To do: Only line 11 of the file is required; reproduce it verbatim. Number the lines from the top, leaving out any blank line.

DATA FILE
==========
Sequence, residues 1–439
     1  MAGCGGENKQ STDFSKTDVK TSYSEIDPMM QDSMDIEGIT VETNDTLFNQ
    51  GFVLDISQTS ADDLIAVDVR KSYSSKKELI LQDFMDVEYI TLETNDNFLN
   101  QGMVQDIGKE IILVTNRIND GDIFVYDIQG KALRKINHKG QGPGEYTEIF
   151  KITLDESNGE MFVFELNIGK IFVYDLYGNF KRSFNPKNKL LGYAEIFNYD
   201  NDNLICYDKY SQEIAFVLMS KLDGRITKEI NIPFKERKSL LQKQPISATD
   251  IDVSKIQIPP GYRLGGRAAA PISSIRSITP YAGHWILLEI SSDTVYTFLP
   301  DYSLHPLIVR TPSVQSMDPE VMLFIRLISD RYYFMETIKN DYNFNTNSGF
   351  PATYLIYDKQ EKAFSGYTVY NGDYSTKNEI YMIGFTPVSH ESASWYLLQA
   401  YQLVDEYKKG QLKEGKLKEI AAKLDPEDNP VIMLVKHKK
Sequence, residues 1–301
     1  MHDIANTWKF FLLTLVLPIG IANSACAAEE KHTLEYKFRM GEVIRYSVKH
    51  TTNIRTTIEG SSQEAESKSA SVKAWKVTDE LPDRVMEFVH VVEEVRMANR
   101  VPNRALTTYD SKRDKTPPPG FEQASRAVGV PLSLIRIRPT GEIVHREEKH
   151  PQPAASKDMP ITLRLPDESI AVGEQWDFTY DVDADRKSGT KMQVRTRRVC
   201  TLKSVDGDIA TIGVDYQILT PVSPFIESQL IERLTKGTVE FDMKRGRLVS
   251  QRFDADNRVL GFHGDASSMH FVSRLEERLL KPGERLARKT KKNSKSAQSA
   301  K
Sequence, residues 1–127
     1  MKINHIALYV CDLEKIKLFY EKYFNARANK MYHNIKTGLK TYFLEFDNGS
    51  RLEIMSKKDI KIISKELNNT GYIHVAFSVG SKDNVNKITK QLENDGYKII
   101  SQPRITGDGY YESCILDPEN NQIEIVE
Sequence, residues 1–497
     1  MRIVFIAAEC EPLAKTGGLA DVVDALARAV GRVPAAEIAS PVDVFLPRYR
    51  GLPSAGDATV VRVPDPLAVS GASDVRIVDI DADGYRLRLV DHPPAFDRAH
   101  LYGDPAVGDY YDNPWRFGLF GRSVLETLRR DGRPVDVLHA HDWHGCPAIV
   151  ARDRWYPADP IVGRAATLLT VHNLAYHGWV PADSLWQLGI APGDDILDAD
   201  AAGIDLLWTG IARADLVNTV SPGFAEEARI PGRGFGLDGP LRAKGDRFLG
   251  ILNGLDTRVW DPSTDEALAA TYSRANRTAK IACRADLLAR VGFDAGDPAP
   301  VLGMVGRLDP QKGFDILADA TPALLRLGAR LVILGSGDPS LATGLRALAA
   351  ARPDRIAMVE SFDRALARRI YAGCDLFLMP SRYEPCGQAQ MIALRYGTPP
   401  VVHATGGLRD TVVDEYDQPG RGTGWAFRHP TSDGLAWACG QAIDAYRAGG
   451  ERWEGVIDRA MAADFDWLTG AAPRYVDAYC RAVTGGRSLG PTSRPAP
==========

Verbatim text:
Sequence, residues 1–301